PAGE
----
Their Royal Purplenesses

No, I´m not talking about Prince, Squiggle, Symbol or whatever he calls himself. I´m talking about one of the most electric coloured waterfowl, the Purple Swamphen or Gallinule. There are 13 or so subspecies of this bird around the world but the European or Mediterranean version is found only in small parts of Spain, France, Sardinia and North Africa to Tunisia. As per its name it is generally found in swamps or reedbeds where it likes to climb high up on fallen reeds. They are much larger than other rallidae and about the size of a chicken. Generally they eat shoots and leaves but have also been known to eat eggs, ducklings, small fish and invertebrates. Their shimmering dark blue, purple plumage really does make them unmistakeable in the field. Combine this with the large red bill and frontal shield, strong red legs and you have a really extraordinary looking bird.

In Roman times they were seemingly one of the few birds that they did not eat due to the fact they considered them to be more decorative and due to their colours a bird of nobility for the nobility. The colour purple has always been associated with royalty and nobility since ancient times since the dye to create the colour was rare and expensive. It was the colour worn by emperors, Roman and otherwise, kings and nobility, those who could afford the dyes. In terms of Spanish history, purple was the third colour in the flag of the Second Spanish Republic and used as Spains flag from 1931 to 1939. The flag was a tricolour of red, yellow and murrey (purple in heraldic terms). The red and yellow represented the territories of Aragon and the purple represented Castille León. Some sources also state that the purple was the colour of the workers and common people. Whatever the real history, the flag was supposed to represent all regions of Spain and that all Spaniards were represented. Oh and it´s also the favourite colour of my sister…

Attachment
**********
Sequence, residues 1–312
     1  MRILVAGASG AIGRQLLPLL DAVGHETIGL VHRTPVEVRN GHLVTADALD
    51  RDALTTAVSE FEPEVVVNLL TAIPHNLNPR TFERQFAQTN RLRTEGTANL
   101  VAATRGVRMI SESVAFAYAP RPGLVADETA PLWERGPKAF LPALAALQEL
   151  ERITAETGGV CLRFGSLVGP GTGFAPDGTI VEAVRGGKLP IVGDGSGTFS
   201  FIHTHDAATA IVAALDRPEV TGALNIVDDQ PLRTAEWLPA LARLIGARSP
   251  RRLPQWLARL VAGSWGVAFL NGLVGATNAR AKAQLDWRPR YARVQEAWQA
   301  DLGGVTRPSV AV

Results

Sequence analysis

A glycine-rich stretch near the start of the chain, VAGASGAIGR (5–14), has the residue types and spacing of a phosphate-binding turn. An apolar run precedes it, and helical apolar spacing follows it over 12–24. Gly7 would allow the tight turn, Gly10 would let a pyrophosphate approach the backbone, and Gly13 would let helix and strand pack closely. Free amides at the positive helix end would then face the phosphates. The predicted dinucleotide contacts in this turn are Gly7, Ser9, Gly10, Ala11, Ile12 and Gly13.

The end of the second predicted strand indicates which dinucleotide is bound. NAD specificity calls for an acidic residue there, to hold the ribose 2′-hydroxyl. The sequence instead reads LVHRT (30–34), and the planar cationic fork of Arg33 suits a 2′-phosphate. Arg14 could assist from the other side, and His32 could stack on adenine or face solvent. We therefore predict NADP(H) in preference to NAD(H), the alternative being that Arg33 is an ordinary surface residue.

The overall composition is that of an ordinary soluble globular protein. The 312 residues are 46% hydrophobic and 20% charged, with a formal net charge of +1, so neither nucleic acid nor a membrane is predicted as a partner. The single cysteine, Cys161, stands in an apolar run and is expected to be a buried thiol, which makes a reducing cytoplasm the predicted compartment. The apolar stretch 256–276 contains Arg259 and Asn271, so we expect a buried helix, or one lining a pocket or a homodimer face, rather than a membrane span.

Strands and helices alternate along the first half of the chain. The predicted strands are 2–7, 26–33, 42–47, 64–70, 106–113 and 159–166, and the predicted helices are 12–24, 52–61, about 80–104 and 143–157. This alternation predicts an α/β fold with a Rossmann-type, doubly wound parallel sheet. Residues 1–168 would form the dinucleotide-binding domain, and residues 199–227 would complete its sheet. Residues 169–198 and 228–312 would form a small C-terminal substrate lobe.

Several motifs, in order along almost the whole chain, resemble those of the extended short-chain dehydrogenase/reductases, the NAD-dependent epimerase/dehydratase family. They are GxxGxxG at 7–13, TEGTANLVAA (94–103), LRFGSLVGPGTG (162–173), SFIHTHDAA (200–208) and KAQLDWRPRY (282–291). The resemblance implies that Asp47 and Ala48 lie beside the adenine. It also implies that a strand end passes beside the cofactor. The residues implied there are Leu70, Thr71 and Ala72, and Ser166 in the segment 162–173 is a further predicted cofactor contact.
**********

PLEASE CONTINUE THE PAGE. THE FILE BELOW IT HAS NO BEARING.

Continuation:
Finally, why are they so scarce yet not endangered? In Europe the nominate race has declined due to habitat loss, hunting and pesticide use. The usual problems and we need more protection for birds such as these so that any further decline is halted. In Portugal there was a huge decline in the 19th and 20th centuries but the population has recently increased somewhat due to protection schemes and re-introduction programmes, albeit it still has a largely rare and fragmented population. Here in la Mancha they are present but also very localised and fragmented. Thus it is always a joy to be able to see these magnificient birds when they come out for a royal progress.

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